The University of Maryland and the ACC announced a settlement Friday that allows the conference to keep $31.3 million in exit fees paid by the school in the wake of its move to the Big Ten.
The agreement, which ends nearly two years of contentious litigation, frees Maryland from making any future payments to the ACC, of which it was a founding member. While it closes a round in the multimillion dollar game of conference realignment, the settlement also could set a precedent — and send a stark message — for schools looking to move and conferences seeking to stop them.
“I think what most conferences will do is make it more difficult to exit in the future,” said Gabe Feldman, director of the sports law program at Tulane University. “I think the ACC has made that clear.”
The ACC filed suit against Maryland in November 2012, shortly after the school announced it was joining the Big Ten, seeking enforcement of a withdrawal payment of approximately $52 million. Maryland filed a counterclaim in January seeking $157 million plus punitive damages. The lawsuits will be dismissed and are considered closed.
“Our student-athletes, coaches, staff, fans and alumni will forever hold dear the memories of six outstanding decades in the Atlantic Coast Conference,” Maryland Athletic Director Kevin Anderson said in a joint statement. “Today marks the next chapter in the history of Maryland Athletics, and we look forward to creating new memories in the decades to come.”
The ACC and the University of Maryland said in the joint statement that they would have no further comment.
In College Park, Maryland football Coach Randy Edsall showed little emotion in discussing the agreement before practice Friday afternoon, telling reporters, “Just glad that it’s over and we can just focus on the season and focus on football.”
Andrew Zimbalist, a professor of economics at Smith College, called the settlement an area that is “highly subjective.” Maryland will be plugged into the Big Ten revenue-sharing stream, including lucrative television and licensing options, he said, which is likely to make Friday’s terms financially sensible for the school.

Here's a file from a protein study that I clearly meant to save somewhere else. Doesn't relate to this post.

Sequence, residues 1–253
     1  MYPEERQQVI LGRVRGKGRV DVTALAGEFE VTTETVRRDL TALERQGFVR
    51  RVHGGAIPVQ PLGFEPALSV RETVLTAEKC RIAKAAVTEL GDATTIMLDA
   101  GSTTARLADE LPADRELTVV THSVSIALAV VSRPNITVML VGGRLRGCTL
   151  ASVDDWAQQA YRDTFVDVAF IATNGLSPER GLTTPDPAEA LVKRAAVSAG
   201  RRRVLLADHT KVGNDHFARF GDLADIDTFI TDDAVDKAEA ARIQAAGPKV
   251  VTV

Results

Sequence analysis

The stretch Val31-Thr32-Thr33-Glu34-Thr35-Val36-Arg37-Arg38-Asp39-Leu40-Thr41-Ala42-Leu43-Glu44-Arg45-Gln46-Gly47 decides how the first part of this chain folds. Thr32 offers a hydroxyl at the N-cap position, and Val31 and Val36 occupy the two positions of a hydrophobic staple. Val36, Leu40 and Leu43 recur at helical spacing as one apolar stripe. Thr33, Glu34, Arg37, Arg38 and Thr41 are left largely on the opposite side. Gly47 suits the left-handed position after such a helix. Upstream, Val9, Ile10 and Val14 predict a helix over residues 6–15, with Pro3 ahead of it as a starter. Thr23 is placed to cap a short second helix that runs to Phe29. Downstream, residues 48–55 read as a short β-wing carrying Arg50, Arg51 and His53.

“With a $31 million settlement, I think Maryland probably does pretty well. . . . The trade-off with the extra revenue with the Big Ten will make it worth their while,” Zimbalist said. “On the other hand, the ACC gets $31 million, and basically it’s free money. It’s good for them, too. It’s a compromise that works out pretty well for both sides.”
Rutgers, which officially joined the Big Ten along with Maryland on July 1, announced in February that it agreed to pay the American Athletic Conference $11.5 million to withdraw its membership from that league.
Maryland President Wallace D. Loh had publicly questioned the legality of the increase of the ACC’s exit fee before the school left the conference. The Maryland state’s attorney general office filed a counterclaim on behalf of the school in January, alleging the conference violated its own constitution by increasing the exit fee from about $20 million to $52 million.
Maryland’s countersuit alleged antitrust violations by the ACC. The suit also alleged that two league schools were prompted by ESPN and lucrative television opportunities when it attempted to sway other Big Ten schools to leave and join its conference.
Both sides agreed to mediation in April, and Judge John R. Jolly Jr. assigned Bethesda-based mediator Jonathan B. Marks to meet with the parties. But the suit dragged on even as Maryland celebrated its inclusion into the Big Ten and the ACC welcomed Louisville into the fold.
There had to be financial consequences for Maryland in this case, said Sheldon Steinbach, a former legal counsel to American Council on Education who has been monitoring university athletic legal issues for more than four decades. The question wasn’t whether Maryland would pay the ACC, Steinbach said; it was how much it would pay.
“It seems to me, having surveyed the scene for 47 years, Maryland has walked away with a fair deal. The ACC has preserved its contractual rights, and everyone can go on to play another day,” Steinbach said.